• Martin F Pera
  66. Viacyte, Athens, Georgia, USA.

    • Alan Robins
    • , Thomas C Schulz
    •  & Eric Sherrer
  67. Program for Developmental Biology, The Hospital for Sick Children, Toronto, Ontario, Canada.

    • Janet Rossant
  68. Department of Molecular Systems Biology, Cell Science Research Center, Royan Institute for Stem Cell Biology and Technology, ACECR, Tehran, Islamic Republic of Iran.

    • Ghasem H Salekdeh
  69. Stem Cell Laboratory, Faculty of Medicine, University of New South Wales, Australia.

    • Kuldip Sidhu
  70. Institute for Regenerative Medicine, University of Tampere, Tampere, Finland.

    • Heli Skottman
    •  & Riitta Suuronen
  71. Yamanaka iPS Cell Special Project, Japan Science and Technology Agency, Kawaguchi, Japan.

    • Shinya Yamanaka
  72. Gladstone Institute of Cardiovascular Disease, San Francisco, California, USA.

    • Shinya Yamanaka

Consortia

  1. The International Stem Cell Initiative

Authors

    Contributions

    Project coordination: P.W.A. Cytogenetic analyses: D.B., A.D., E.M., K.D.M. and T.G.-L. Molecular karyotyping by SNP BeadChip: P.R. DNA methylation arrays: R.M.B. and P.W.L. Administration and data curation: A. Ford and P.J.G. Data analysis and manuscript drafting: P.W.A., S.A., D.B., N.B., R.M.B., P.J.G., K.H., L.H., B.B.K., Y. Mayshar, S.K.W.O., M.F.P. and P.R. The scientific management of the ISCI project was provided by a steering committee comprising: P.W.A., N.B., B.B.K., S.K.W.O., M.F.P., J.R. and G.N.S. Sample contribution: A. Colman, A. Robins, A. Hampl, A. Bosman, A.M. Fraga, A. Nagy, A.B.H. Choo, A.L. Laslett, A. Feki, A. Kuliev, A. Kresentia Irwanto, B. Reubinoff, B. Sun, C. Denning, C. Mummery, C. Li, C. Olson, C. Spits, D. Ben-Yosef, D. Collins, D.J. Weisenberger, D. Ryul Lee, D. Ward-van Oostwaard, E. Chiao, E. Sherrer, Fei Pan, F. Holm, G. Anyfantis, G.Q. Daley, G.H. Salekdeh, G. Selva Raj, G. Caisander, H. Gourabi, H. Moore, H. Skottman, H. Suemori, H. Baharvand, H. Shen, I. Mateizel, In-Hyun Park, J. Sheik Mohamed, J. Downie, J. Eun Lee, J.M. Crook, J. Chen, J. Hyllner, J.-C. Biancotti, J. Baker, K. Sermon, K. Amps, K. Narwani, K. Takahashi, K. Sidhu, L. Ge, L.S. Lim, L. Young, Q. Zhou, L. Guangxiu, L.V. Pereira, L. Armstrong, M. Lako, M.S. Inamdar, M.A. Lagarkova, M.B. Munoz, M. Mileikovsky, M.V. Camarasa, M. Jaconi, M. Gropp, N. Lavon, N. Strelchenko, N. Nakatsuji, O. Kopper, O. Hovatta, O. Qi, P. Venu, P.A. De Sousa, P. Dvorak, R. Strehl, R. Suuronen, S. Kiselev, S. Yong Moon, S. Yamanaka, S. Sivarajah, S. Beil, S.L. Minger, S.K.W. Oh, S. Pells, S. Kyung Oh, S. Kimber, T. Miyazaki, T.E. Ludwig, T. Ishii, T.C. Schulz, T. Otonkoski, T. Tuuri, T. Frumkin, V. Kukharenko, V. Fox, W. Herath, Y. Jin, Y. Min Choi, Y. Ma, Y. Wu and Y. Verlinsky.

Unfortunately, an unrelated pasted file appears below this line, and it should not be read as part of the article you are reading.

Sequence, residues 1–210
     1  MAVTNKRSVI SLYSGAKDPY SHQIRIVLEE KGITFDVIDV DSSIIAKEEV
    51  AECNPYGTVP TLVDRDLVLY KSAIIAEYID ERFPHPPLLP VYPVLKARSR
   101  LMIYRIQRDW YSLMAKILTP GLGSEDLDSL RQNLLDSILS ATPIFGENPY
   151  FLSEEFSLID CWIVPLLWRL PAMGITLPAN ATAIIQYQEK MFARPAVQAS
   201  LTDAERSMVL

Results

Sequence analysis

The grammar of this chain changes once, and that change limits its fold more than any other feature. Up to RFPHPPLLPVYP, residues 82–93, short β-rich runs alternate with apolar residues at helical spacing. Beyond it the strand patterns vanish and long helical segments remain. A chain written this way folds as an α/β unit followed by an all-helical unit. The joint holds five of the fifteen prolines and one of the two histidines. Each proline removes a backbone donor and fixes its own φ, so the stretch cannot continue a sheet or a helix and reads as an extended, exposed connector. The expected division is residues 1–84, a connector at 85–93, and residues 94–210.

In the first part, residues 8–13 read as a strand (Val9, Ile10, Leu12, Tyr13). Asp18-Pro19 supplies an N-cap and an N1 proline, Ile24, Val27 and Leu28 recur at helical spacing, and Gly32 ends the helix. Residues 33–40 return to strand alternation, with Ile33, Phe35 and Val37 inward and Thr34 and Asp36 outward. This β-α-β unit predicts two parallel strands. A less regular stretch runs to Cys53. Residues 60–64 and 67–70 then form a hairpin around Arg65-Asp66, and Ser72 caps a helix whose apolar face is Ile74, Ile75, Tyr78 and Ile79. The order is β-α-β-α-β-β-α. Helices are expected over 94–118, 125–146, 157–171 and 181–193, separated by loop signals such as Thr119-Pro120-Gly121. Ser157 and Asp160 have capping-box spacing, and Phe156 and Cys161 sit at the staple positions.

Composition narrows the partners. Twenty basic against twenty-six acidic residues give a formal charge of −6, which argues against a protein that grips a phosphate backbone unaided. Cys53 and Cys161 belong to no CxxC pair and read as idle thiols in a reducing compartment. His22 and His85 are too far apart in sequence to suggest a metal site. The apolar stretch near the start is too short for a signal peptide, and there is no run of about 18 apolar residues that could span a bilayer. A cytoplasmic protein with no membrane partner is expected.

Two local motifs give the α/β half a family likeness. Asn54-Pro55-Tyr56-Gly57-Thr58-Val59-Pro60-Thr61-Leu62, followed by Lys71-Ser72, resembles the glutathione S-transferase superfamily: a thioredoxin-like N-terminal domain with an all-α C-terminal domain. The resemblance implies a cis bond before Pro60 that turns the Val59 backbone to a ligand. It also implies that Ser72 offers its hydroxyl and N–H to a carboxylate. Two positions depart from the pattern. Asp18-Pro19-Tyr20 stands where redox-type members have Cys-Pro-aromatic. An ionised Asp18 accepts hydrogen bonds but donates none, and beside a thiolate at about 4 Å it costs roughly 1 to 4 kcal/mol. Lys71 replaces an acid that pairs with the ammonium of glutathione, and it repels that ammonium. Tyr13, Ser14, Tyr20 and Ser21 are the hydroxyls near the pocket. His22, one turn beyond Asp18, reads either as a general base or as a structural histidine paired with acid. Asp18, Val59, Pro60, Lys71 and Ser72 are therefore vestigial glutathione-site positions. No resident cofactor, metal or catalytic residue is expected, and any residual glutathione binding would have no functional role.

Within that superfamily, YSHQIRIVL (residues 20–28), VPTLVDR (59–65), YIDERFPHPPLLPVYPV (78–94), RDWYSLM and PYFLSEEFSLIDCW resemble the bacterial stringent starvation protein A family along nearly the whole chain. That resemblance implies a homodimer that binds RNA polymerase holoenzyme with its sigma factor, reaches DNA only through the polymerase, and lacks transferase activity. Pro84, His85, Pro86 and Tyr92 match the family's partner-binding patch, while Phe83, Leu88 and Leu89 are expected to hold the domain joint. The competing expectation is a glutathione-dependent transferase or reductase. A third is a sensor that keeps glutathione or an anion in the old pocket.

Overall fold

Competing interests

    G. Caisander, J. Hyllner and R. Strehl are employees of Cellartis AB. E. Chiao is an employee of Hoffmann-LaRoche. D. Collins and J. Downie are employees of Roslin Cells Ltd. P.A. De Sousa is CSO of Roslin Cells Ltd. S.L. Minger is an employee of GE Healthcare. B. Reubinoff holds shares and is the CSO of CellCure Neurosciences Ltd. A. Robins, T.C. Schulz and E. Sherrer are employees of Viacyte. S. Yamanaka is a member of the scientific advisory board of iPierian Inc and iPS Academia Japan, Inc. without salary

    Supplementary information

    PDF files

    1. 1.

      Supplementary Text and Figures

      Supplementary Figures 1–5 and Supplementary Notes 1 and 2.

    2. 2.

      Supplementary Table 3

      The extent of DNA methylation changes in ES cell lines in relation to the difference between early and late passage levels.

    Excel files

    1. 1.

      Supplementary Table 1

      Full details of cell line samples provided.

    2. 2.

      Supplementary Table 2

      ES-associated structural variants.

    3. 3.

      Supplementary Table 4

      Polycomb array manifest.

    4. 4.

      Supplementary Table 5

      Cell line availability.

    5. 5.

      Supplementary Data Set 1

      .bed file of all LOH calls for all samples in the ISCI-2 sample set

    Zip files

    1. 1.

      Supplementary Data Set 2

      LOH calls for all samples in the ISCI-2 sample set

    2. 2.

      Supplementary Data Set 4

      Complete β-scores (methylation level) of all ISCI-2 samples

    Text files

    1. 1.

      Supplementary Data Set 3

      .bed file of CNV calls from karyotypically normal samples in the ISCI-2 sample set.

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    Publication history

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    DOI

    https://doi.org/10.1038/nbt.2051